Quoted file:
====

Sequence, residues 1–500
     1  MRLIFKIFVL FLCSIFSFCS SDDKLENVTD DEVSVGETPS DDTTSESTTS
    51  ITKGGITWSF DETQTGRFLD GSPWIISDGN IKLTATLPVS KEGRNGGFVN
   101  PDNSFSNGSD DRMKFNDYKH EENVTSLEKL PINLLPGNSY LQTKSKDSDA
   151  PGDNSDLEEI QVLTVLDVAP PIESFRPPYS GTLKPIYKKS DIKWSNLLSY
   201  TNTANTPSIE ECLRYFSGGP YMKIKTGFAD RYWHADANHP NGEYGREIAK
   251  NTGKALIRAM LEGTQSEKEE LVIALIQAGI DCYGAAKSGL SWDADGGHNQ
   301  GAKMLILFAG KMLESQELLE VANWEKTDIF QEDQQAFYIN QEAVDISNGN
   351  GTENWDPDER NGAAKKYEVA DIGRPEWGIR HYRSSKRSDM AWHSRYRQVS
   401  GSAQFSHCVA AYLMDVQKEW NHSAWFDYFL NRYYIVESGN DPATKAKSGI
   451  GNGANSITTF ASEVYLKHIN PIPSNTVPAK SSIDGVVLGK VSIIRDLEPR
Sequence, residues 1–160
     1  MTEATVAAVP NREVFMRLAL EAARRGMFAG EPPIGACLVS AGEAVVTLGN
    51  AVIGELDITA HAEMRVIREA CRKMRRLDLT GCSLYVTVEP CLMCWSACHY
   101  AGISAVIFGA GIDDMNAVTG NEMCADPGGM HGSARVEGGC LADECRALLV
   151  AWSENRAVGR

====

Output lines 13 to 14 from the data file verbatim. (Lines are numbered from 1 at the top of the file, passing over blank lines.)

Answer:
     1  MTEATVAAVP NREVFMRLAL EAARRGMFAG EPPIGACLVS AGEAVVTLGN
    51  AVIGELDITA HAEMRVIREA CRKMRRLDLT GCSLYVTVEP CLMCWSACHY